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MRSA and cataract surgery – reflections for practice

Authors LF Porter, RU Khan2, A Hannan, et al

Published 19 October 2010 Volume 2010:4 Pages 1223—1227

DOI https://doi.org/10.2147/OPTH.S12027

Review by Single-blind

Peer reviewer comments 3

LF Porter1, RU Khan2, A Hannan3, SP Kelly1
1Royal Bolton Hospital NHS Foundation Trust, Bolton, UK; 2Departments of Microbiology, Royal Bolton Hospital NHS Foundation Trust, Bolton, UK; 3Haughton Thornley Medical Centers, NHS Tameside and Glossop, UK

Introduction: Postoperative bacterial endophthalmitis is a devastating complication of cataract surgery. Methicillin-resistant Staphylococcus aureus (MRSA) endophthalmitis is rare. Recent debate over MRSA screening in United Kingdom (UK) National Health Service (NHS) hospital services has implications for cataract patients and ophthalmology services.
Aims: To discuss issues for clinical practice as based on reflective experience at a UK district general NHS hospital in relation to care of MRSA-positive cataract patients.
Methods: Retrospective case series and reflective practice.
Results: Three cases presented highlight practice points around cataract patients colonized with MRSA. Known or determined MRSA-colonized patients should be treated with anti-microbial agents at time of cataract surgery known to be active against MRSA. Preventative treatment with intracameral vancomycin or intravenous teicoplanin alongside appropriate topical treatments may be of merit. Importantly fluoroquinolones, often prescribed by cataract surgeons, may have a selective effect favoring the proliferation of MRSA.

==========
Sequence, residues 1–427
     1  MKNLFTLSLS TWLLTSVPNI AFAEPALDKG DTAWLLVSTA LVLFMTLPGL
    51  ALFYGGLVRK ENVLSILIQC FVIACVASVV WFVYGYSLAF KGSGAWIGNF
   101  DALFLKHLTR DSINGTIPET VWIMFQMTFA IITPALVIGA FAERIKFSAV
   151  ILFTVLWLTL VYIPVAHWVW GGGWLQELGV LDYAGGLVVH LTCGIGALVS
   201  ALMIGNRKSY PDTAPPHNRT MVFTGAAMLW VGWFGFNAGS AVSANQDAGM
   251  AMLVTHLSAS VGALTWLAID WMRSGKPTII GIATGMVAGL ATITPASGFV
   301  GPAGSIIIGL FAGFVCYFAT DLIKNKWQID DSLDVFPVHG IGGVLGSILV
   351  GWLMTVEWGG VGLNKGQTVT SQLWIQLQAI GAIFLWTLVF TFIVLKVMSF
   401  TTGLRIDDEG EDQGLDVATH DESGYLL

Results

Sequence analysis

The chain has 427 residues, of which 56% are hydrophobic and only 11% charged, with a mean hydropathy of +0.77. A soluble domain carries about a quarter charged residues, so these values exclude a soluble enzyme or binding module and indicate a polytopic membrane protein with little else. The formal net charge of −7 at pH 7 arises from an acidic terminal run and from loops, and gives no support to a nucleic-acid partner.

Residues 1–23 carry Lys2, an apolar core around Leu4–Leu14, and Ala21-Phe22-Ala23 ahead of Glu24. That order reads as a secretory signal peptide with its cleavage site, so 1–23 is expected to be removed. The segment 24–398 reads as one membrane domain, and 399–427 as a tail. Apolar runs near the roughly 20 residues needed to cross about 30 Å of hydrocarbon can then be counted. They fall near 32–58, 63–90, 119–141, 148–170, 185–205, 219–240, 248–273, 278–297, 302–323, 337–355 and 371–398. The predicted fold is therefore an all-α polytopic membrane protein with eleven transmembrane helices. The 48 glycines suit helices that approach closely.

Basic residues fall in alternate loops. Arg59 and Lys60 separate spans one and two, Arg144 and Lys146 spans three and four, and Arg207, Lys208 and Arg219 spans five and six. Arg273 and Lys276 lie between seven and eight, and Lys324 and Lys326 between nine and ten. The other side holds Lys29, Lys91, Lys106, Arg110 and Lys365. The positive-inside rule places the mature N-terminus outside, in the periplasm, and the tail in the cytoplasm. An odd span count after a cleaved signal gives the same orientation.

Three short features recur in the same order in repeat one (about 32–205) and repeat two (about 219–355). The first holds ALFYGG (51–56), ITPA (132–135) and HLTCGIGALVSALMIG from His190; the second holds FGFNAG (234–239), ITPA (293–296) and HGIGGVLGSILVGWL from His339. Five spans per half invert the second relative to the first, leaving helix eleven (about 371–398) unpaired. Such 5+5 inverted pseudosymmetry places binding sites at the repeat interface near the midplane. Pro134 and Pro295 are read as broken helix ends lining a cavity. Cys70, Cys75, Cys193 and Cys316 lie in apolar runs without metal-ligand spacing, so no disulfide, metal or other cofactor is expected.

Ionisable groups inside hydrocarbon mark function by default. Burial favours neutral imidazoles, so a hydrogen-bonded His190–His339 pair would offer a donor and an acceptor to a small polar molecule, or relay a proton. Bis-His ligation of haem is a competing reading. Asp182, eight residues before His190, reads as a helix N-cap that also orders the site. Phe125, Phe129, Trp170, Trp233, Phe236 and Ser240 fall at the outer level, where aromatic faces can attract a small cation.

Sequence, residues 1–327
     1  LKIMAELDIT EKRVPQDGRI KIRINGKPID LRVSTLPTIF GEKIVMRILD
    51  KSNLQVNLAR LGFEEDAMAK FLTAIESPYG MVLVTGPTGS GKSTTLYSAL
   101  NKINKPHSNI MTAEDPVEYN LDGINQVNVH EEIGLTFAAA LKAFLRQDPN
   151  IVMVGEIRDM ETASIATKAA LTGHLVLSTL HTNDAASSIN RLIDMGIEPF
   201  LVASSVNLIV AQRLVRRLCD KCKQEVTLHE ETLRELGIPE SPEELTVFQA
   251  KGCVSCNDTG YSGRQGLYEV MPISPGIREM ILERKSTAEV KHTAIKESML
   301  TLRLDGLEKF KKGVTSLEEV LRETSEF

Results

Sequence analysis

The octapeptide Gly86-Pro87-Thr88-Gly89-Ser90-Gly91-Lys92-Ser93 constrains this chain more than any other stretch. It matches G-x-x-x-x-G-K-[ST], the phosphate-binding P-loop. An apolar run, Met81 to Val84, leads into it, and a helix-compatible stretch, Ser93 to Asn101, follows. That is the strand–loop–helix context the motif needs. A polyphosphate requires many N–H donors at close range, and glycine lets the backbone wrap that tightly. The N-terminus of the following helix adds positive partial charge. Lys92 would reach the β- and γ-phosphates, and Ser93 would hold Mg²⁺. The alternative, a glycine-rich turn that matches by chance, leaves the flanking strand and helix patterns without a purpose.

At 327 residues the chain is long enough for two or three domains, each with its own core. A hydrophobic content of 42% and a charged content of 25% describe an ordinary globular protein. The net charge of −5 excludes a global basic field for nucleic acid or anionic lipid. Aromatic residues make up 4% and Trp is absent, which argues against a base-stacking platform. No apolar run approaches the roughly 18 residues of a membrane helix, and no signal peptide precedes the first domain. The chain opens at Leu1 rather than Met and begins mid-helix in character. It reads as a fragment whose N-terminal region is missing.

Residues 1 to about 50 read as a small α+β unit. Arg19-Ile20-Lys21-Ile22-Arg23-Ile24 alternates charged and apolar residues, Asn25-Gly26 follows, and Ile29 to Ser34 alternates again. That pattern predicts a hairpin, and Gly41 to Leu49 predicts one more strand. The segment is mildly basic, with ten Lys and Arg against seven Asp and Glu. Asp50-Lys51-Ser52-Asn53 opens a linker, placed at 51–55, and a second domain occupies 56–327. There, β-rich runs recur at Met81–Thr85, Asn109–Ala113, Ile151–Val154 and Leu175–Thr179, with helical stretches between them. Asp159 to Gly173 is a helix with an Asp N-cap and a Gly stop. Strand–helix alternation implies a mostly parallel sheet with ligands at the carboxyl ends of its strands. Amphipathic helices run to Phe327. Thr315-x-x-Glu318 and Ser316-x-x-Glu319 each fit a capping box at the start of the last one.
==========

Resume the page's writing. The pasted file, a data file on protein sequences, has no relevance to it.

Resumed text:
Conclusion: MRSA screening may cause unnecessary delays in cataract care and may represent a patient safety concern in its own right. Patients colonized with MRSA may safely undergo cataract surgery provided there is no evidence of periorbital infection and provided appropriate infection control and antibiotic prophylaxis measures are used. The well-prepared cataract surgeon needs to be aware of developments in infection control and should liaise with local clinical microbiology colleagues in relation to bacterial resistance to antibiotics.

Keywords: methicillin-resistant Staphylococcus aureus (MRSA), endophthalmitis, screening

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